Spotlight On For the Breast of Us

As a young Black woman diagnosed with ER-positive stage 2 breast cancer in 2015, Marissa Thomas sought out support groups — but the only ones she could find were made up predominantly of older white women. “I knew that women of color were being diagnosed with breast cancer, but I didn’t know where to find them,” she says.

This frustration led Thomas, along with cofounder Jasmine Souers, to create For the Breast of Us (FTBOU) in 2019. The organization fills a need that has long been neglected in the breast cancer community: a place for all women of color — Black, Hispanic, Asian or Pacific Islander, and more — who’ve been diagnosed with breast cancer “to find support, connect with other women of color diagnosed with breast cancer, and learn how to advocate for themselves to help eliminate the health disparities that exist for them,” Thomas says.

Their goal Thomas, now the sole leader of the organization (Souers left earlier this year to start a different breast cancer nonprofit) remains true to her initial motivation, providing a robust selection of online tools and resources; social media ; and community-building events, both online and in person. Ultimately, Thomas and Souers wanted to make it easier for other women of color with breast cancer than it was when they themselves were diagnosed, by providing access to the information and resources necessary to make more informed decisions about their healthcare, as well as the camaraderie of people with similar experiences.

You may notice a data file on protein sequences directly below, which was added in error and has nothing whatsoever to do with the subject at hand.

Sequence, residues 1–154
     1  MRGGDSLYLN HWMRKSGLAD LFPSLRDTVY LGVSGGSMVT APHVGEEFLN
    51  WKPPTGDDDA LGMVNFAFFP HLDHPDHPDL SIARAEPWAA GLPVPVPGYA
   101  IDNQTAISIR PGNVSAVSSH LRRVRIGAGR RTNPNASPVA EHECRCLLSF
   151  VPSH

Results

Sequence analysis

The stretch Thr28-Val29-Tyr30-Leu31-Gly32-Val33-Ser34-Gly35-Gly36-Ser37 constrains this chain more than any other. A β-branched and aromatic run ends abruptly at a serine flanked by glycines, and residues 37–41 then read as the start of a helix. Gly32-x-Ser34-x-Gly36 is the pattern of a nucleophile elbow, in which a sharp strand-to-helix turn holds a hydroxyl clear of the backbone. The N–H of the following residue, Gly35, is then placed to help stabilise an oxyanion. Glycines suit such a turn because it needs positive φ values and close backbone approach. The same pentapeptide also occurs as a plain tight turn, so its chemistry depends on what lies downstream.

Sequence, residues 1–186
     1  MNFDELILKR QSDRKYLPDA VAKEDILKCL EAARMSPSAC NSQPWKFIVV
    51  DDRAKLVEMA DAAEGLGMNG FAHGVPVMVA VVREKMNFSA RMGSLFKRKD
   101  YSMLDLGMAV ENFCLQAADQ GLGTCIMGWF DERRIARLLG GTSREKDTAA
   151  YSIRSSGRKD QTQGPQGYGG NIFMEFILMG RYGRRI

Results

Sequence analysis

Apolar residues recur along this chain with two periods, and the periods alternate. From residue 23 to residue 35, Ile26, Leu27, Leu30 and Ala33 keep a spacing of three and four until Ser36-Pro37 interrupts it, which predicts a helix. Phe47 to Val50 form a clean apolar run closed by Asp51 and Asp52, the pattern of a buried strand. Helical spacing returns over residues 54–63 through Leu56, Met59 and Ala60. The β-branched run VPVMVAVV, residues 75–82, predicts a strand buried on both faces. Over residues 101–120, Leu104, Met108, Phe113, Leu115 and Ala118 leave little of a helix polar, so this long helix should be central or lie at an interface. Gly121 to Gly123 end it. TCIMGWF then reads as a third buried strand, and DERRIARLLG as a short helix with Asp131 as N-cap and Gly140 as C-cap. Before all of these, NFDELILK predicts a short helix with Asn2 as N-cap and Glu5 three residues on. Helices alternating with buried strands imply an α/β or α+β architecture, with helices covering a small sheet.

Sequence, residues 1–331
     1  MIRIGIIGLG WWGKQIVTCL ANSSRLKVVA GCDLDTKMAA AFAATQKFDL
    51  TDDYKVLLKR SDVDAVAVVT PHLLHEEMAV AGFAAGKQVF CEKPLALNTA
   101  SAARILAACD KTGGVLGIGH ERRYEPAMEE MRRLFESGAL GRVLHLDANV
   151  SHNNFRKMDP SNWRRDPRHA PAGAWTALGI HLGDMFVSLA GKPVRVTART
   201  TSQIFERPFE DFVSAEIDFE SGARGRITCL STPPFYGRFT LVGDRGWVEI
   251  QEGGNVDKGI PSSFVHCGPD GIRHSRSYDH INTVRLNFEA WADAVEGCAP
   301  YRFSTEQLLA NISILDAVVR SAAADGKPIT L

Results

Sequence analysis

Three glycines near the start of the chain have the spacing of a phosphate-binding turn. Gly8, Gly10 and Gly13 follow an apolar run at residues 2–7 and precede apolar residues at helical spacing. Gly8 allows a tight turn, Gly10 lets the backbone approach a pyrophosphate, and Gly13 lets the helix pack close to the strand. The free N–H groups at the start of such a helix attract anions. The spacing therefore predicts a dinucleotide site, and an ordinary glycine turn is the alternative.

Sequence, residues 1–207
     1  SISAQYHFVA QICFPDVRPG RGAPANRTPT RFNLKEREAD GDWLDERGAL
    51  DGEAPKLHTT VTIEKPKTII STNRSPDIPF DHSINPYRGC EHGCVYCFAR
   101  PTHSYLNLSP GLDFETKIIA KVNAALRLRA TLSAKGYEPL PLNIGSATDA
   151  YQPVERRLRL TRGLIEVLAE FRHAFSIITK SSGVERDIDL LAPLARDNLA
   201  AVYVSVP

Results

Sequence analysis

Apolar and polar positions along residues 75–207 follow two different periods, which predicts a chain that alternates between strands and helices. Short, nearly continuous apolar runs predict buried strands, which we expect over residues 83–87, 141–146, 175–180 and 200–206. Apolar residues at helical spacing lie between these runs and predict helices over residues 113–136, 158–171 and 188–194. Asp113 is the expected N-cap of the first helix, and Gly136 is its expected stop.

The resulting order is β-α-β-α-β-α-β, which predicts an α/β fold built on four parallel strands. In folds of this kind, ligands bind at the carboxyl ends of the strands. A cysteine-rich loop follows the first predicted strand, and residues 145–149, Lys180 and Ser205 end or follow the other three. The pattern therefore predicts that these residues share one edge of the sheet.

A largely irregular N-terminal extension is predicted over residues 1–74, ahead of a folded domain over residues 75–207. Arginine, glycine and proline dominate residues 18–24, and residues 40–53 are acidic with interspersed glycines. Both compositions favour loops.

Services they provide Their website is a hub of helpful information for the women they like to refer to as Breast Cancer Baddies. On it, you can read a blog with stories by people with breast cancer and survivors — or submit a story about your own experience. Learn more about breast surgery and patients’ rights, search clinical trials, read about the latest breast cancer research involving women of color, and find mental health resources on their curated directory of resources.

On their Instagram page @forthebreastofus, they host Instagram Lives on topics like dealing with workplace issues during treatment and navigating relationships after a breast cancer diagnosis. They also produce Baddie 2 Baddie, a podcast in which women share their personal experiences with breast cancer, lifestyle tips, and where to find help. Women of color impacted by breast cancer can join the organization’s private Facebook group Breast Cancer Baddies to connect with its more than 2,500 members.

For the Breast of Us also provides important guidance for those who are not women of color: how to be an ally, adapted from the allyship guide by the political organization Women of Color for Progress (WCP) . But instead of using the term “ally,” the organization deliberately uses the word “accomplice.”

“We chose the word ‘accomplice,’ because an ally stands by your side, but an accomplice rolls up their sleeves and does the hard work with you,” Thomas explains. “That is what women of color really need — someone who is willing to do the hard work, have the hard conversations, and help elevate our voices in areas where we are hardly given the opportunity to be heard and seen.”

Events In October, the organization hosted their first large-scale fundraising event, We Run This Sneaker Gala, which they plan to hold annually. Its purpose is to celebrate breast cancer survivors and honor those who have died of the disease. Anyone can attend, and a portion of the proceeds go toward $500 grants for a select number of women of color in their community to offset the financial strain brought on by living with a cancer diagnosis, as well as to continue to provide programming at no cost to participants.

For the Breast of Us also holds an annual retreat for their Baddie Ambassadors — the more than 30 women who represent the organization through social media and advocacy. They host local meetups in cities nationwide; a schedule of upcoming events is listed on their website’s events page.

Core belief At its core, For the Breast of Us is about community. “It’s by women like you, for women like you,” Thomas says. “It was born out of a need you so badly [have] once you hear the words, ‘You have cancer.’”

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